《早期台灣民主運動與雷震紀事──為歷史留見證》

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2002 / 11月

文‧林奇伯


被視為台灣民主運動伊始的「雷震案」,一向是現代台灣史研究最敏感、也是最困難的一頁。雖然多年來各類史料先後付梓,但卻未見敘述完整的著作出現。

今年九月,國史館所公佈《雷震案史料彙編》揭露,民國四十九年「雷震叛亂案未審先判」乃是依照故總統蔣介石的指示。一時間,以雷震為首的台灣首波民主運動史也再度成為各方關注焦點。而此時,前台灣省參議會議員、雷震民主運動重要參與人謝漢儒親筆著作《早期台灣民主運動與雷震紀事──為歷史留見證》一書的出版,由於為第一手史料、敘述完整,對於歷史的還原,具有指標性意義。


或因史料的缺乏,或因政治忌諱與參與者的明哲保身,東吳大學歷史系教授曾祥鐸感嘆,《早期台灣民主運動與雷震紀事──為歷史留見證》一書,是該段歷史的「唯一親身參與者的見證著作」,彌足珍貴。

一九五○年後的十年間,退守台灣的國民黨面對對岸共產黨的威脅,對台灣實行威權統治,並於地方選舉中進行舞弊,以確保政權的完整,在台灣社會積累了多股民怨。這些反對勢力並於一九六○年合流,爆發台灣首波民主浪潮,即所謂「雷震案」。

謝漢儒將這些民間反對勢力分成三方細述。

第一股反對勢力為胡適等知識分子所支持、雷震創刊的「自由中國」半月刊為首。包括傅斯年、毛子水、殷海光等知名學者皆鼎力支持。「自由中國」以闡揚自由民主理念為主,提出問題、針砭時事,是台灣民主理論論述的先聲,頗受海內外注意。

在野的第二股勢力是民社黨與青年黨。當時這兩個少數合法的在野黨雖是威權體制下的民主政治「象徵」,不具太大的政治氣候,但因核心人物蔣勻田、高玉樹等人的理念,加上廣大民怨下,民社黨在各地方選舉連連奏捷,匯集成另一股在野力量。

第三股在野主流則為各縣市本省籍政治運動參與者的結合。這股要求「乾淨選舉」,包括石錫勳、何春木等黨外人士的出現,也使得另兩股在野人士有了整合的機會。

一九六○年,在第四屆地方自治選舉中,國民黨操縱舞弊變本加厲,在野三股勢力舉行了一次選舉檢討會,並因而產生「選舉改進座談會」的組織。

「選改會」成立後,竟引起巨大的民主浪潮,籌組「真正反對黨」的建議不但被提出,也隨即積極展開。然而僅僅四個月,在精神領袖雷震將軍被捕,並被安上莫須有的「匪諜」罪名後,首波台灣民主運動也迅速宣告結束。

四個月的時間,對謝漢儒而言,在相隔四十餘年後,一幕幕的場景卻仍「歷歷如昨,記憶猶新」。這也使得《早期台灣民主運動與雷震紀事》一書,對這關鍵的四個月民主浪潮風起雲湧的過程,描述之精細、完整,讀來讓人訝異且印象深刻。

謝漢儒說,當時他身為選改會執行秘書,事事皆親身參與,也留下許多選改會運作細節的筆記,故能掌握許多一手資料,並深刻描述。

雖源於親身參與民主運動的經驗、記憶,但有別於個人回憶錄,《早期台灣民主運動與雷震紀事》一書卻是一本歷史參與者的親筆歷史著作,尤其書中所涉及人物之廣,也讓這本書在斷代書寫上深具價值。

東吳大學歷史系教授曾祥鐸表示,歷史的著作除了歷史本身,常常也包括了寫作者對歷史的品評。然而謝漢儒卻跳脫了個人的意見,只保留史料的敘述與歷史發生時的各方意見與看法,深具學術研究價值。

曾祥鐸並指出,以長的歷史縱深來看,《早期台灣民主運動與雷震紀事》還提供了另一項歷史的釐清:今日在討論台灣的民主運動歷程時,敘述者往往將雷震與其以降的反對運動放在同一個脈絡來看。然而當年雷震所籌組的反對黨是一個建立「自由中國」的實踐,與後來發展出的台獨理念民主運動有著根本上的不同。謝漢儒所提供的大量史料,在這項歷史演進的釐清上,提供了更多佐證。

歷史的書寫不只在於還原真相,也讓我們看清楚自己的位置。謝漢儒的著作雖為「雷震案」民主運動參與者的第一本歷史著作,但在當年許多參與者今天仍然健在的情況下,各界莫不期待《早期台灣民主運動與雷震紀事》只是史料發掘的另一個開始。

p.100

書名:《早期台灣民主運動與雷震紀事──為歷史留見證》

作者:謝漢儒

出版者:桂冠圖書股份有限公司

出版日期:二○○二年九月初版

定價:四五○元

相關文章

近期文章

EN

Taiwan's Early Democracy Movement and the Lei Chen Incident

Eric Lin /tr. by Phil Newell

The "Lei Chen Incident," which is seen as the beginning of the democracy movement in Taiwan, has always been one of the most sensitive and difficult pages in modern Taiwan history. Although much historical data has surfaced over the years, a comprehensive work on the subject has yet to appear.

This September, a compendium of historical documents on the Lei Chen case, made public by the Academia Historica, revealed that the "judgment without trial" which resulted from the accusations of rebellion against Lei in 1960 was the result of a direct order from then-president Chiang Kai-shek. The history of the first wave of Taiwan's democracy movement, in which Lei played a leading role, again became for a time the focus of general attention. Now comes the publication of Taiwan's Early Democracy Movement and the Lei Chen Incident, personally written by an important participant in the Lei Chen era democracy movement, former Taiwan Provincial Assembly member Hsieh Han-lu. Because this book contains firsthand information and comprehensive treatment of the subject, it is a standard against which other works must be compared.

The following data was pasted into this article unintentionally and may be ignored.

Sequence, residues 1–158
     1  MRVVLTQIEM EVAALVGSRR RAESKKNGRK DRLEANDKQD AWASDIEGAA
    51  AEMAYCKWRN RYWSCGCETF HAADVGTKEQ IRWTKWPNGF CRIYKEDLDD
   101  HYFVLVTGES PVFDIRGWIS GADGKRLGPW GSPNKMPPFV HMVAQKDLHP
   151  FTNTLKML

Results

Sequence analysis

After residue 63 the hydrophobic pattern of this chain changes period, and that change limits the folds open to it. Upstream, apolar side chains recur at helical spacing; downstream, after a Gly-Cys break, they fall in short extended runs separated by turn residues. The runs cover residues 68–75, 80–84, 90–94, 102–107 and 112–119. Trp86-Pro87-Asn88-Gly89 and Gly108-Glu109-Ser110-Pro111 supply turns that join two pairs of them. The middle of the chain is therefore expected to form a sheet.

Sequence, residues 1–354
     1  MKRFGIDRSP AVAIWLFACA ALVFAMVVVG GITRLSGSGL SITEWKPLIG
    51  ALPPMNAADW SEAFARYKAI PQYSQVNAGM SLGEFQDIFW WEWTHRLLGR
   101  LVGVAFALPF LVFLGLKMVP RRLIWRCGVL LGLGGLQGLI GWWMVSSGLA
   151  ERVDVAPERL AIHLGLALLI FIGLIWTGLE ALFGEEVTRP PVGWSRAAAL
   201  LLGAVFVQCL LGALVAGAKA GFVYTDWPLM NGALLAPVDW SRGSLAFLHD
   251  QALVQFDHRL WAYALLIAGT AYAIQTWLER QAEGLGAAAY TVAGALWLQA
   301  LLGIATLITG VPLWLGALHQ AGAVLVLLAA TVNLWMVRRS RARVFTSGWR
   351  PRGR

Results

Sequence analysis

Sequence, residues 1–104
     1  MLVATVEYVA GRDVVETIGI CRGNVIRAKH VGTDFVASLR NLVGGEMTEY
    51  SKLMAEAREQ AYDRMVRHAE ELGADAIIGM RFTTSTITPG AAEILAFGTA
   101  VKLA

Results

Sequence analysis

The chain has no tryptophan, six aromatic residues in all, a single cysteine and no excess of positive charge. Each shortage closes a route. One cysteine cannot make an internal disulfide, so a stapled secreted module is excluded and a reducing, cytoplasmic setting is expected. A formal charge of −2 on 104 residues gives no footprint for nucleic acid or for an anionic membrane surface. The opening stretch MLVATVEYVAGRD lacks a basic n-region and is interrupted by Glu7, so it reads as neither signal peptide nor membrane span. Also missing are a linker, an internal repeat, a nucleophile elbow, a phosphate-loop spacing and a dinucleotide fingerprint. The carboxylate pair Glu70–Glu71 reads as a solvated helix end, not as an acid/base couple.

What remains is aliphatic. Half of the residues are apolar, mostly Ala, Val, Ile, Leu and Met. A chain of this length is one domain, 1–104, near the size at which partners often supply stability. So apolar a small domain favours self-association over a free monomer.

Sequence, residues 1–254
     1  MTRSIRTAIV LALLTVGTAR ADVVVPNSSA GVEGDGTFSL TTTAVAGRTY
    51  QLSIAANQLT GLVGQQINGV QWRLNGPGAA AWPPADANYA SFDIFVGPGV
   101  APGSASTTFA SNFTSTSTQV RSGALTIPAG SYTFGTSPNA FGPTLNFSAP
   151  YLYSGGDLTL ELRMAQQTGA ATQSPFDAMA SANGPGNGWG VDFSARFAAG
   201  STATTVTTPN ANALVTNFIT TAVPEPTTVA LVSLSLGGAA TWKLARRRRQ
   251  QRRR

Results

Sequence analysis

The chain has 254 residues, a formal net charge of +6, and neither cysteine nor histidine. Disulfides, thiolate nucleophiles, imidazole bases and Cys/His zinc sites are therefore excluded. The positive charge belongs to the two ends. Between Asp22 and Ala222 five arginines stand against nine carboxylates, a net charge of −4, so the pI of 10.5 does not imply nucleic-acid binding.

Perhaps because of a lack of historical materials, or because of political taboos or concerns among participants for their personal safety, Taiwan's Early Democracy Movement and the Lei Chen Incident is, in the words of Tseng Hsian-to, a professor of history at Soochow University, "the only testament produced by a direct participant" in the events surrounding Lei Chen. This suggests just how precious this book is.

In the 1950s, facing the Communist threat from the mainland, the Kuomintang imposed authoritarian rule on Taiwan. They manipulated and cheated in local elections in order to ensure total regime control, generating resentment in Taiwan society. Various opposition forces coalesced in 1960, marking the first wave in Taiwan's democracy movement. This has come to be known in Chinese as "the Lei Chen Incident."

Hsieh Han-lu describes three separate opposition forces. The first was led by the Free China Semimonthly, founded by Lei Chen and supported by Hu Shih and other intellectuals including Fu Ssu-nien, Mao Tzu-shui, and Yin Hai-kuang. Free China espoused liberal democratic theory, raised issues, and commented on current events. It was the pioneer of democratic discourse in Taiwan, and gained considerable attention home and abroad.